The Importance of a Contextual Marketing Strategy for Video
Media plan ROI will take center stage as more dollars move to digital in 2020. Previously, linear budgets were often allocated based on content adjacency and GRPs, with measurement coming in the form of share of voice and years-long media mix models. On digital, brands can evaluate content performance to learn more quickly and measure more deeply. Content targeting has evolved into a more sophisticated approach that can be called contextual marketing.
The benefits of focusing on contextual marketing performance in digital, and especially video, are twofold. Brands can control what type of content they don’t want to buy, protecting the brand and saving valuable media budget. They can also determine what contextual elements are most valuable for the brand in terms of real performance and actively target based on this insight.
Contextual Performance Offers Better Control
According to a report published by Ebiquty, up to 65% of UK advertisers reported running in brand-unsafe environments. This doesn’t begin to capture the volume of brand unsuitable, contextually misaligned and therefore underperforming placements. Beyond reputationally damaging placements, many advertisers must measure the impact that contextual alignments have on ad performance and long-term brand goals.
Brands shifting dollars to digital video need to consider the dynamic nature of video content and have a strategy that maximizes contextual marketing performance. Brands can identify and remove contextual performance wastage in the form of brand unsafe or unsuitable investments, which can hurt short term and long-term goals. With these same metrics, they can also continually monitor their media plan as new content is posted. Online, brands can understand how engaged their audience is with the content, if they clicked through to more content, and even if and why they purchased.
The New Contextual Targeting
In 2019, Google announced increased restrictions on the use of cookie targeting in their Chrome browser, which hurts advertisers’ ability to use behavioral targeting. Following GDPR, many US states, including California’s CCPA laws, will make it easier for consumers to limit the use of their data for targeting. These market dynamics are encouraging brands to look for other effective ways to target their advertising. Contextual targeting is a viable alternative.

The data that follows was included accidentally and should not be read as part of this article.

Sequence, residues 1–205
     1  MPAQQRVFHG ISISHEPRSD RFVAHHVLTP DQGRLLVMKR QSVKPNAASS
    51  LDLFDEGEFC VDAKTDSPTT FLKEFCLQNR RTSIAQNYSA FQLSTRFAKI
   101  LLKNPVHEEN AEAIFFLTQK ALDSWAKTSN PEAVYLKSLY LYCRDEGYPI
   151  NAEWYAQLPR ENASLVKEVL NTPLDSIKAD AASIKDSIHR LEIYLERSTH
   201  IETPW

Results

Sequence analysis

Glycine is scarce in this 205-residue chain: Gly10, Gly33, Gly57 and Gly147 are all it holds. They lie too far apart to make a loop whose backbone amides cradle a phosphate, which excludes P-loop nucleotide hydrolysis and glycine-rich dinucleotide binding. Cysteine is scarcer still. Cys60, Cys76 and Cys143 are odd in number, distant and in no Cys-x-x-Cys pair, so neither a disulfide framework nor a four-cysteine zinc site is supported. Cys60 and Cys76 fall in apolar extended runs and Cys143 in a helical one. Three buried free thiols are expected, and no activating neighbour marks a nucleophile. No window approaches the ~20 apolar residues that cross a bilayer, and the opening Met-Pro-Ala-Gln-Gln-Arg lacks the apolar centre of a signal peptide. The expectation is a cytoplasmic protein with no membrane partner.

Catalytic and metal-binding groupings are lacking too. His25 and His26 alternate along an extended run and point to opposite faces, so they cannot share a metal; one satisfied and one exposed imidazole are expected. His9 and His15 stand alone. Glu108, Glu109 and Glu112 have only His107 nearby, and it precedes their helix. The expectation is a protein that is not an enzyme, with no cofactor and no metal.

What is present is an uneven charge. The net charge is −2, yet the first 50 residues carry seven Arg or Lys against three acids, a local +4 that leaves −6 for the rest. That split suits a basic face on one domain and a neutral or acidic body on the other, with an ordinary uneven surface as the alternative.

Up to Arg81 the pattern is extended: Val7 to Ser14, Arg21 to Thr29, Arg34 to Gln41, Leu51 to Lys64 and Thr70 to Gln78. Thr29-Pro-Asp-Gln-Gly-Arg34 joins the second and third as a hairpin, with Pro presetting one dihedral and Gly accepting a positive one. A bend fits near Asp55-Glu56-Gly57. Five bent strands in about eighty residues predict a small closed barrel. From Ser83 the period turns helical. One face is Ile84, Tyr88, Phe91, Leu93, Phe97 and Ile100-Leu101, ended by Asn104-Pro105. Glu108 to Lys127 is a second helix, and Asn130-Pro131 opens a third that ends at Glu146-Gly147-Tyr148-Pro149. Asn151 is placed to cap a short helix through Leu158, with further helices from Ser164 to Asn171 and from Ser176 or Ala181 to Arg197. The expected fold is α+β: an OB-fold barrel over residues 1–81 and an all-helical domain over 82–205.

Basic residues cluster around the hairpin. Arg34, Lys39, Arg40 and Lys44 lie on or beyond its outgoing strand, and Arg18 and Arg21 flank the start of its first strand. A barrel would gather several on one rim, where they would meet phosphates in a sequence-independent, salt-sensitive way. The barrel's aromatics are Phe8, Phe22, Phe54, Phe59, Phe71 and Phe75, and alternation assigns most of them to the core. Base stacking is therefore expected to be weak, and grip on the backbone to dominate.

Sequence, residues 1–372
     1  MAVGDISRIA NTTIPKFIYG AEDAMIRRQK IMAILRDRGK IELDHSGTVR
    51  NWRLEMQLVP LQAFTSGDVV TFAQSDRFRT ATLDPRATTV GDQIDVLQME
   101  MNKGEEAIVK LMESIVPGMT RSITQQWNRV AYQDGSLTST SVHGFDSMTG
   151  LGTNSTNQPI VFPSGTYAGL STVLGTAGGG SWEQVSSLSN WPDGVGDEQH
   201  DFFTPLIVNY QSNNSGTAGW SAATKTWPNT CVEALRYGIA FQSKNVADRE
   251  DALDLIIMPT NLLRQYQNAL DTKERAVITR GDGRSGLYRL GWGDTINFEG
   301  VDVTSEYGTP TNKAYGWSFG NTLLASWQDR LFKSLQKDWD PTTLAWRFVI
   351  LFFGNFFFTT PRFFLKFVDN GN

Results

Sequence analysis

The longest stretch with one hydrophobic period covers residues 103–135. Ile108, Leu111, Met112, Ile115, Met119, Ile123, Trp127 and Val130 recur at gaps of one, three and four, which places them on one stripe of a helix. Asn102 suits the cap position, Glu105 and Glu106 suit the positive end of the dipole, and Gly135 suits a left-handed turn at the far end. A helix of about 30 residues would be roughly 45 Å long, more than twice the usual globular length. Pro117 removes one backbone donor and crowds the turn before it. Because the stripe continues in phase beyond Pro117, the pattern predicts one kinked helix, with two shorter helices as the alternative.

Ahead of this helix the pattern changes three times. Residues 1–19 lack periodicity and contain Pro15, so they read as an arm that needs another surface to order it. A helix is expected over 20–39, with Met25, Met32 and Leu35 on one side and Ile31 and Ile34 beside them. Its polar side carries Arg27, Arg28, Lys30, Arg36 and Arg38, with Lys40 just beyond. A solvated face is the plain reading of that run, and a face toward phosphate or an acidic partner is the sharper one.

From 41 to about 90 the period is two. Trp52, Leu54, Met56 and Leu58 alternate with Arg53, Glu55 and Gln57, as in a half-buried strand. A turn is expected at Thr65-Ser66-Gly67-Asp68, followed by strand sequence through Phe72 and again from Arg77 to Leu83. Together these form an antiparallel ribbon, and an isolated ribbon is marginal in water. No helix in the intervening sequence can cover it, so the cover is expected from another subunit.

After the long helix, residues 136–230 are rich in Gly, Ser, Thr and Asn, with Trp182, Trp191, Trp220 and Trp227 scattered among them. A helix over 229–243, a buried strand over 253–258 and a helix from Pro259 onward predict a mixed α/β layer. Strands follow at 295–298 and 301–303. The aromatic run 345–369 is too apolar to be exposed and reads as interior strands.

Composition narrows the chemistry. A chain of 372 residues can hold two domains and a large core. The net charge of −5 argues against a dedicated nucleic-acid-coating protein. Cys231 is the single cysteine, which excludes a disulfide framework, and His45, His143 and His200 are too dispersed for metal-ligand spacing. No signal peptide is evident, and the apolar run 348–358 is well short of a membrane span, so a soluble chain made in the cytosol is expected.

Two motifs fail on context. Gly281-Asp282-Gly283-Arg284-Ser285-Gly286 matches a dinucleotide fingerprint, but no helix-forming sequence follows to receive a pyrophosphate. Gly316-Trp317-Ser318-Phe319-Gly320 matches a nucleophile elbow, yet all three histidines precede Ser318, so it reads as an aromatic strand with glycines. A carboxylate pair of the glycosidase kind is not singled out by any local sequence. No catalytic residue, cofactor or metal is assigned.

Each major publisher and platform offers millions of videos that contain a wealth of information to create a much more sophisticated approach to contextual performance targeting than ever before. Publishers and platforms know a lot about the audiences that engage with different types of content and have a lot of levers for brands to pull.
For example, Hulu touts their contextual sponsorships as much more than content-based ad options. They marry proprietary insights with contextual data from millions of videos to deliver a customized product for individual brands. Platforms like Google and even eBay offer more automated contextual targeting. Google’s “Custom Intent Audiences” uses a variety of content and contextual marketing data to replicate behavioral targeting capabilities but in a way that is free from privacy restrictions.
Optimizing Contextual Marketing Across Channels
As brands develop more sophisticated contextual marketing strategies with agencies and media partners, it's also important for brands to find ways to unify their strategy by applying agreed upon industry standards. The IAB’s standard is a good place to start. When mapped to the various proprietary targeting taxonomies each platform uses, the IAB standard will enable brands to better analyze specific contextual themes that work cross-channel. They can them get granular with understanding contextual performance, pull out types of content to avoid, which can be applied across their whole media plan, rather than languishing within a single network or platform.
Media buyers are doing 20-30x what they did 10 years ago. That requires a richer level of scrutiny. As an industry, we need to alter the discussion about online video media buying. Contextual video offers brands the levers to minimize risk and maximize performance.
Tony Chen, featured in Forbes 30 under 30, interrupted his economics and classical piano program at Rice University to launch one of the most promising digital video advertising companies in the United States. Based in Los Angeles, CA, Channel Factory helps top brands and agencies maximize YouTube and video marketing and has recently expanded its operations across Europe and Asia.
Tony's passion for turning opportunity into success extends beyond Channel Factory's rapid rise. He is an active investor in FabFitFun, a lifestyle subscription service, and Outreach.io, a sales technology company named by Forbes in their Next Billion Dollar Startups list in 2018.